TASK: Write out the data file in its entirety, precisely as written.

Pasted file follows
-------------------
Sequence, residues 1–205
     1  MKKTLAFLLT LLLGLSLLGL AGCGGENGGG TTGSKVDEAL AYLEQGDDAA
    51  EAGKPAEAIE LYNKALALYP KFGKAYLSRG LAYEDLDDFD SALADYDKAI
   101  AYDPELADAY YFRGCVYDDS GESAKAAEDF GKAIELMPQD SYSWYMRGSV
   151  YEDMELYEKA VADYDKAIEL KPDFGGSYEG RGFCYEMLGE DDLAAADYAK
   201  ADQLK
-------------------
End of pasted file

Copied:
Sequence, residues 1–205
     1  MKKTLAFLLT LLLGLSLLGL AGCGGENGGG TTGSKVDEAL AYLEQGDDAA
    51  EAGKPAEAIE LYNKALALYP KFGKAYLSRG LAYEDLDDFD SALADYDKAI
   101  AYDPELADAY YFRGCVYDDS GESAKAAEDF GKAIELMPQD SYSWYMRGSV
   151  YEDMELYEKA VADYDKAIEL KPDFGGSYEG RGFCYEMLGE DDLAAADYAK
   201  ADQLK